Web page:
Thy grace in my sin, Thy riches in my poverty,
Thy glory in my valley.

The Valley of Vision: A Collection of Puritan Prayers & Devotions, edited by Arthur Bennett
Picture from the beautiful Oregon countryside - June, 2009.
Author: Beth
•Wednesday, July 01, 2009
(The following is a somewhat belated post which wraps up a few thoughts about my recent travels.)

This morning, I woke up to the bright sunrays dancing off the walls of my bedroom. For the first time, I didn’t have to wonder where I was. After several weeks of seeing those same sunrays dance off of hotel rooms, guest bedrooms, and church walls of India, I am now back in the place I call home.

It’s a good place to be.

Many people have asked about my travels.So, how was it??” Oh, the words can never say…

Did you meet any interesting people on the airplanes?

My favorite was the dear elderly lady during my flight to Portland who was estatic about the possibility of Jesus coming back while we were in the air. :)

How did you like the food?

If I could spend my life eating with my fingers like they do in India, I would.

Did you see anything interesting?

Do mountain ranges, three oceans, volcanoes, and wild elephants count?

I love the questions. Even if I don’t have answers. But one reoccurring question that I can never seem to really answer is this:

Are you back to normal yet?


I’ll have to think about that one.

It’s true, I’m over jetlag. I’m not stared at in the grocery store anymore. I’m not swatting mosquitos, running through jam-packed traffic, or hearing security guard whistles in my sleep. I’m sleeping in a bed, driving my car back to work, laughing with my brothers, and doing all the things I did before (although I’m still taking those malaria pills!) I’m back in the familiar places with the familiar people. I know those dear people mean well when they ask about my physical wellbeing. But deep inside, I know that my normal – my spiritual “normal” – will never be the same… nor should it be.

Traveling is a very reflective exercise. Since my feet have been on solid ground for many days now, I’ve had time to think. I’ve gone through my pictures, re-read my journal, re-lived the memories, and have done a lot of talking with my Father about it all.

Being back home launches me into a new kind of journey … that of reconciling where I’ve been with where I am. That journey alone has possibilities of changing my life all over again.

It’s hard.

In India, I was a person with one mission, one goal. The people there didn’t know anything about me except that I was from America, I had two hands, and I was there for them. The past was irrelevant and the future was unknown, but the present was a new adventure every day with God. I would see new places, touch new hands, look into new eyes… and see Him in it all. I was surrounded by people who passionately loved God and desired to see His Word spread – and it was contagious. In the mornings, He would meet me though His Word on the roof and give me new vigor and perspective about everything in life… in that faraway place where I was undistracted and completely surrendered. I was totally and completely there.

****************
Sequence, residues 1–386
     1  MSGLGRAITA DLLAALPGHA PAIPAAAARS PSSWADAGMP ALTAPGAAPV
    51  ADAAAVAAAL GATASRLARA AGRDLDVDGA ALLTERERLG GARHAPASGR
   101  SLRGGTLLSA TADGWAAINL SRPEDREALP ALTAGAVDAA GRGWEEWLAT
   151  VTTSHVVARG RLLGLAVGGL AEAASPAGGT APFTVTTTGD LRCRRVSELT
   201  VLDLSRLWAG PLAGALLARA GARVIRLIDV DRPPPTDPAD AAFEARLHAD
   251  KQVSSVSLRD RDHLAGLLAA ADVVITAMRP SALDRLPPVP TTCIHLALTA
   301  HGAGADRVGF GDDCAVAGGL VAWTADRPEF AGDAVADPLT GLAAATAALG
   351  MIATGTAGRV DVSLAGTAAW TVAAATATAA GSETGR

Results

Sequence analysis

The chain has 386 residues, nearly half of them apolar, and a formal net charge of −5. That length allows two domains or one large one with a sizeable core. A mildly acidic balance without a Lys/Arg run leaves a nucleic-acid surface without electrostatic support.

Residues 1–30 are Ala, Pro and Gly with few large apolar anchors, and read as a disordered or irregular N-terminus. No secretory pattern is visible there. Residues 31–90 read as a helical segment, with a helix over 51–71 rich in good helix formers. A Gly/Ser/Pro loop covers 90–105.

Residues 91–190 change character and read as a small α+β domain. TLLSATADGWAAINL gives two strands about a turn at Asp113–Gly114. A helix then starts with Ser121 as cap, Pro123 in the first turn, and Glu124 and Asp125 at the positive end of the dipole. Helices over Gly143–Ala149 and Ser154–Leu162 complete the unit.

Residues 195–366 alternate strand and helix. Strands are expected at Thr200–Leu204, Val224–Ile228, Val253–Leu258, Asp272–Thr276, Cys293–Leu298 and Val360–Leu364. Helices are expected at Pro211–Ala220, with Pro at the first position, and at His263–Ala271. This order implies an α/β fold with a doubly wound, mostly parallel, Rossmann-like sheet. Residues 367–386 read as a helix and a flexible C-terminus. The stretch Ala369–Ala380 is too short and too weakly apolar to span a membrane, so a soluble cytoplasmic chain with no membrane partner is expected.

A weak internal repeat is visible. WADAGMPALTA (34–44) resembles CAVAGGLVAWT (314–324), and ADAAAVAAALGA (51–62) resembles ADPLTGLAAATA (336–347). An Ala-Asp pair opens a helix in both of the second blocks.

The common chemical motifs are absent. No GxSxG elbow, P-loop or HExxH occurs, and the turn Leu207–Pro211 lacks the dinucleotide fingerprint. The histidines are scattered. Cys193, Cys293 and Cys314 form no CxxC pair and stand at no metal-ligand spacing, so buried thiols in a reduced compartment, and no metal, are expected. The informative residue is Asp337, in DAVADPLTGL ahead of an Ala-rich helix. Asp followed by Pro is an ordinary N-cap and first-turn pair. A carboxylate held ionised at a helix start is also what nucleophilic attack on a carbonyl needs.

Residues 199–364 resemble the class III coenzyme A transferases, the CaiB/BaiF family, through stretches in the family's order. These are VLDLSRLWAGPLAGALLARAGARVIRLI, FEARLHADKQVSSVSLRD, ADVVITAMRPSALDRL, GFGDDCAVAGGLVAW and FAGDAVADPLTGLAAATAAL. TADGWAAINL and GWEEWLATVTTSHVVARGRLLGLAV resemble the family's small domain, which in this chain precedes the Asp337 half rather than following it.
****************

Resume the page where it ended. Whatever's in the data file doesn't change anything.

It was beautiful. It was humbling. And I want to be that person…


The problem with “normal” for me is that it is just the opposite. “Normal” means reverting back to yesterday, conforming to what is usual and average, and forgetting the things that have changed. Normal means living a life just like everyone else on the planet, caring about the things they do… living normal lives, experiencing normal problems, dying normal deaths. I’m scared of being normal.

I don't ever want to forget those faces that have woven their way into the depths of my heart…

…or how powerful it is to worship our God together, regardless of race, language, or culture

… or what it’s like to spend every day focusing on proclaiming Christ

… or the humbling realization that God is choosing to speak through someone so inadequate, worthless, and helpless as I am

... or what it’s like to see through His compassionate eyes… to see real people and not just the sea of faces

… or what it’s like to face battles larger than myself and to see His victories

… or how life changes with an eternal perspective

… or that Jesus is enough for me.

It’s that kind of change that keeps me running back to the Cross, continually realizing my own sinful nature and the high calling of being different for the sake of Christ. Continuing that kind of mission vision here on my home missionfield requires a continual surrender of will and a reliance on His grace… but it’s the same, because He is the same God both here and there. That is the sweetest thing in the world.

May I never forget. And may I never be normal again. :)

~ Beth

"Seek ye first the kingdom of God and His righteousness and all these things will be added unto you" - Matthew 6:33